And worst of all, “there’s a whole system of grants, fellowships, professorships, etc, that only go to people who exist within the creative writing industry (i.e. not science fiction writers),” he continues. “The people who DO get them tend to be people like me: very privileged, very upper-class people. Which is absurd. And it seems like exactly the wrong way to design a system that’s meant to support art which isn’t commercially successful. Because, beyond even the genre / literary distinction, the creative writing industry systematically shuts out would-be literary writers who are from less-wealthy backgrounds.”

It sounds like all your worst fears about Jonathan Franzen and the Dull White European Male syndrome confirmed. Not to say that all beneficiaries are DuWEMs, but that may be no help: “The literary world  (to my eyes) seems to have many more women and people of color than the SF world. But even this has something of a class-based tinge to it, ” observes Kanakia.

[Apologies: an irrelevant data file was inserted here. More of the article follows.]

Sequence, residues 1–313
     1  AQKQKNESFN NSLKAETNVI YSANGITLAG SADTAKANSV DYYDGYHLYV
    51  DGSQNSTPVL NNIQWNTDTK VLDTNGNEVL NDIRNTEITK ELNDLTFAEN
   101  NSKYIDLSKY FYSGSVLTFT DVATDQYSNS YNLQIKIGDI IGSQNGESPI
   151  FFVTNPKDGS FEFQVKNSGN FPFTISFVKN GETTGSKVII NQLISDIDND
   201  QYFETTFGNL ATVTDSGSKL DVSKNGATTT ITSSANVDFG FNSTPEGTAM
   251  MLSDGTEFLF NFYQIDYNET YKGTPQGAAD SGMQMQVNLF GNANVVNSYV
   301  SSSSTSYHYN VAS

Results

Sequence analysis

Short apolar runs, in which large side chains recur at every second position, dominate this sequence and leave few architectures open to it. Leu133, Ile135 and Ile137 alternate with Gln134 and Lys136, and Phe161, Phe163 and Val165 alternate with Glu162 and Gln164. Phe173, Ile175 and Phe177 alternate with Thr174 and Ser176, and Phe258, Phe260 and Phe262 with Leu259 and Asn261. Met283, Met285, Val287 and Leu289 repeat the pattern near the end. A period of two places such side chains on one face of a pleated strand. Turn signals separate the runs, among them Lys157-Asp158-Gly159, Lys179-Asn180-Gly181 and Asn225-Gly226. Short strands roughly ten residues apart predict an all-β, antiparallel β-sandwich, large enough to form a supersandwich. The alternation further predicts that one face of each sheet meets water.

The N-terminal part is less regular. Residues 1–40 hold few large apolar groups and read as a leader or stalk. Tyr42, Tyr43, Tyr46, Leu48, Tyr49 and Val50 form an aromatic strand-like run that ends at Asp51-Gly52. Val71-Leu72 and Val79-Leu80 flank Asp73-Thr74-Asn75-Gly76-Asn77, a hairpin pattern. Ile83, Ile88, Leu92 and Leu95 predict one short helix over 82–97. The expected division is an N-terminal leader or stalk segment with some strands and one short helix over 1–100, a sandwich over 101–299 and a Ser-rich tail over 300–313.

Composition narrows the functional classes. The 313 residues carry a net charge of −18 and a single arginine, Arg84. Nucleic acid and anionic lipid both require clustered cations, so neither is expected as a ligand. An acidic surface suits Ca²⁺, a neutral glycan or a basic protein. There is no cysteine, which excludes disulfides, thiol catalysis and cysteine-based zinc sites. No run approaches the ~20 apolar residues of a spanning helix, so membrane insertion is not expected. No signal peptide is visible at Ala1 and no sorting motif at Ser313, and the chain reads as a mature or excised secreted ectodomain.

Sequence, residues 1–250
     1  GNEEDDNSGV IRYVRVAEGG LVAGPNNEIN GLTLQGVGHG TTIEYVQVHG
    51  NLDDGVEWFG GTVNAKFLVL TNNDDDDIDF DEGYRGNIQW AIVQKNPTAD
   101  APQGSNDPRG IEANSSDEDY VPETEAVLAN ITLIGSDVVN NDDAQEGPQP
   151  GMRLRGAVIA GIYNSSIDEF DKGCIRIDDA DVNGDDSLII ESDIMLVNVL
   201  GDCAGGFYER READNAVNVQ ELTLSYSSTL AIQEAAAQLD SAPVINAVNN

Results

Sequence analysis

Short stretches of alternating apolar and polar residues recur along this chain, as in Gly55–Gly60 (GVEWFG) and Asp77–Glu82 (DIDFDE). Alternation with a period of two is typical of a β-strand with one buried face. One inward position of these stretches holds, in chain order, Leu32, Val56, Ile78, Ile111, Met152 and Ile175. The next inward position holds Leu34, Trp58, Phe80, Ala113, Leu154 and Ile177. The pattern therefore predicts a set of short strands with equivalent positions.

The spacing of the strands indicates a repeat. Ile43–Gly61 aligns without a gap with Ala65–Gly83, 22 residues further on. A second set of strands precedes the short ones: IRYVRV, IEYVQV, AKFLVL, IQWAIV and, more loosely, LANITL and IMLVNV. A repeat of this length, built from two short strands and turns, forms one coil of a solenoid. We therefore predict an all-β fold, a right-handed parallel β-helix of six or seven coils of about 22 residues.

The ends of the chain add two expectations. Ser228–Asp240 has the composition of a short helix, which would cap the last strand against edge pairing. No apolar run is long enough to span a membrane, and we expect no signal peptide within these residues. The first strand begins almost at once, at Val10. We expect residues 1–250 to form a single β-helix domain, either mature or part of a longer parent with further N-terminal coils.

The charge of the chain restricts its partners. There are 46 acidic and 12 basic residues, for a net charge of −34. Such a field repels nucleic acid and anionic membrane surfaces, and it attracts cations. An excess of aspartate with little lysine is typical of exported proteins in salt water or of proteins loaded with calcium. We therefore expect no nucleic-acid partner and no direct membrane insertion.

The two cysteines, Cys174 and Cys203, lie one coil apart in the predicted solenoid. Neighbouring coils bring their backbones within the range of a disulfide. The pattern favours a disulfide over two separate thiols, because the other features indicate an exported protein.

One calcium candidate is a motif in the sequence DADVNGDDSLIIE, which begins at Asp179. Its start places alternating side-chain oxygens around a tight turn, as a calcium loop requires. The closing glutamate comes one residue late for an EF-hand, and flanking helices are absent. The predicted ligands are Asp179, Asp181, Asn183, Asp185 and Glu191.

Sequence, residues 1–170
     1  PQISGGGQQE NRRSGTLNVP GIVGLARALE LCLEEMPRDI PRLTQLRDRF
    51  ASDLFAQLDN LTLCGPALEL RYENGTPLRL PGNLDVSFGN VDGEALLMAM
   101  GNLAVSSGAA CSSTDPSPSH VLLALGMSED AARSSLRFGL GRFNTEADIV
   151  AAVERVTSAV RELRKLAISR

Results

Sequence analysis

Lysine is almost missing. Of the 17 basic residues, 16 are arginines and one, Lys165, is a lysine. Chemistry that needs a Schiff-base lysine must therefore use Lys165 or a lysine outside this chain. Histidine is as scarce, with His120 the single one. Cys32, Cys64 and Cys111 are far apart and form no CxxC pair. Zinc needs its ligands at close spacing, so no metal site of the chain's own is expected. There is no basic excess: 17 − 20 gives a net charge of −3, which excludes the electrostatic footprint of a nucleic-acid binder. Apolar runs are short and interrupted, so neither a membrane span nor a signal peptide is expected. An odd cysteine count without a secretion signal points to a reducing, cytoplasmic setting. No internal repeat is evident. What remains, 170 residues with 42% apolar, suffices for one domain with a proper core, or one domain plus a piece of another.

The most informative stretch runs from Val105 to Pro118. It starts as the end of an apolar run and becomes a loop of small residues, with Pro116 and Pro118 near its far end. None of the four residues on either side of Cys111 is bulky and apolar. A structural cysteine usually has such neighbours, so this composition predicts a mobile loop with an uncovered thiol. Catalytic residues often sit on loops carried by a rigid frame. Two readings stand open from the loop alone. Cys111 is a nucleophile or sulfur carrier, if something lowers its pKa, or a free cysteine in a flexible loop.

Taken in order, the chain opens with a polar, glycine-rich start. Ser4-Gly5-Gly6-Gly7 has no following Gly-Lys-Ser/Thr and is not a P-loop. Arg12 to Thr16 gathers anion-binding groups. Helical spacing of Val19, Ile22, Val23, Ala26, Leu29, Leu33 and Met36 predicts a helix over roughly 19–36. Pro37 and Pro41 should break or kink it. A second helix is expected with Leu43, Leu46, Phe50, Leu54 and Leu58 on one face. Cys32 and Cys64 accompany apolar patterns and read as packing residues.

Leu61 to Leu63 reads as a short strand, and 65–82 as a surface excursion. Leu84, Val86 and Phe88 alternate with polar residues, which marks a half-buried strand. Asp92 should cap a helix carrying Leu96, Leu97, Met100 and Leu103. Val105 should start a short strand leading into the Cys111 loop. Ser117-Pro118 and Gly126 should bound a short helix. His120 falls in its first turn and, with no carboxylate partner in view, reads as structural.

An MFA qualification, he adds, is a minimum requirement to many academic and funded positions ostensibly for writers. So the whole apparatus is feeding itself, on quite a well-funded basis ($43,000 p.a. is the figure Kanakia quotes fairly freely for a typical MFA beneficiary).

The one silver lining, if there is one, seems to be that the MFA graduates don’t show up on bestseller lists any more than genre writers. Perhaps the reason is that the end result of the system is writers who can only produce “a sensitive novel about what it was like to be a sensitive kid who grew up in insensitive surroundings.” Which raises an even bigger question as to what it’s all for.